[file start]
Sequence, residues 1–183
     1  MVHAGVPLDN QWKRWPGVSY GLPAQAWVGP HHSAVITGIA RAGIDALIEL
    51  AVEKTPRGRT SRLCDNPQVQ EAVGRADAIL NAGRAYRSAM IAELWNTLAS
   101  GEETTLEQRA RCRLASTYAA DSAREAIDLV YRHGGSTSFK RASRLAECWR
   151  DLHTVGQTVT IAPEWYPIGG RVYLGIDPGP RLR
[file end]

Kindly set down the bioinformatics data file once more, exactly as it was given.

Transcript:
Sequence, residues 1–183
     1  MVHAGVPLDN QWKRWPGVSY GLPAQAWVGP HHSAVITGIA RAGIDALIEL
    51  AVEKTPRGRT SRLCDNPQVQ EAVGRADAIL NAGRAYRSAM IAELWNTLAS
   101  GEETTLEQRA RCRLASTYAA DSAREAIDLV YRHGGSTSFK RASRLAECWR
   151  DLHTVGQTVT IAPEWYPIGG RVYLGIDPGP RLR